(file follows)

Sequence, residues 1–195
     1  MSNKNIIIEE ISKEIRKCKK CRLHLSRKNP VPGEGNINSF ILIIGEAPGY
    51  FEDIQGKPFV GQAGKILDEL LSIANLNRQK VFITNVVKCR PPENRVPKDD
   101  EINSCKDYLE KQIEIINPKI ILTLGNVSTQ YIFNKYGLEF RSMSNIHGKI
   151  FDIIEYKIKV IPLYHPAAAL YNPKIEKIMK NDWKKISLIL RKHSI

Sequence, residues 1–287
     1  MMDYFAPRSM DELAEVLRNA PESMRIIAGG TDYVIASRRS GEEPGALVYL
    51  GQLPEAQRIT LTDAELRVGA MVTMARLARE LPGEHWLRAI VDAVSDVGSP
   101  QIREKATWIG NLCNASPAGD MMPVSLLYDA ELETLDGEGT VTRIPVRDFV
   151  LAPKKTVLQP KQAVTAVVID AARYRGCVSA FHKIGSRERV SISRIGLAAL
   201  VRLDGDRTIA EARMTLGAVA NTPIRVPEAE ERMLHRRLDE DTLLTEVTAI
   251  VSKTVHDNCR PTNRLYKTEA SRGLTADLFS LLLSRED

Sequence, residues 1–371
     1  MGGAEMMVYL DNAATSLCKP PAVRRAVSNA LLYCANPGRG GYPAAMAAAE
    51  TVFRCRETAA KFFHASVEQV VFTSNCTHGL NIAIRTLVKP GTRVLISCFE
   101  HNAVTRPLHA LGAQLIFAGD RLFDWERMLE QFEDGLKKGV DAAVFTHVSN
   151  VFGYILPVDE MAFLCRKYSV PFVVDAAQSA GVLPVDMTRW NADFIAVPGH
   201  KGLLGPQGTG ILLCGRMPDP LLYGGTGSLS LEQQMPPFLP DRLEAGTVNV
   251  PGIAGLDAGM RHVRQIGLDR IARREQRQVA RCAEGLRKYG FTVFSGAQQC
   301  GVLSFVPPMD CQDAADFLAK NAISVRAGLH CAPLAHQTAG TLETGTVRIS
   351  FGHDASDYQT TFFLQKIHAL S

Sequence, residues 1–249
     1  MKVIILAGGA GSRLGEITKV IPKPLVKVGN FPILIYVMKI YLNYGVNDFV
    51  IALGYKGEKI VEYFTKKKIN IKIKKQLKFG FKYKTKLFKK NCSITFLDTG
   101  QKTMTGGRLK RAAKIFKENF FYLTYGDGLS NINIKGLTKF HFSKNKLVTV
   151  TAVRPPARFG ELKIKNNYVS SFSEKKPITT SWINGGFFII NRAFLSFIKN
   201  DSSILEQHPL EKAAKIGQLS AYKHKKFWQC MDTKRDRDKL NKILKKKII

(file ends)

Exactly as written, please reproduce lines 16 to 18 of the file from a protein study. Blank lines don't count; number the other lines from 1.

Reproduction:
   101  HNAVTRPLHA LGAQLIFAGD RLFDWERMLE QFEDGLKKGV DAAVFTHVSN
   151  VFGYILPVDE MAFLCRKYSV PFVVDAAQSA GVLPVDMTRW NADFIAVPGH
   201  KGLLGPQGTG ILLCGRMPDP LLYGGTGSLS LEQQMPPFLP DRLEAGTVNV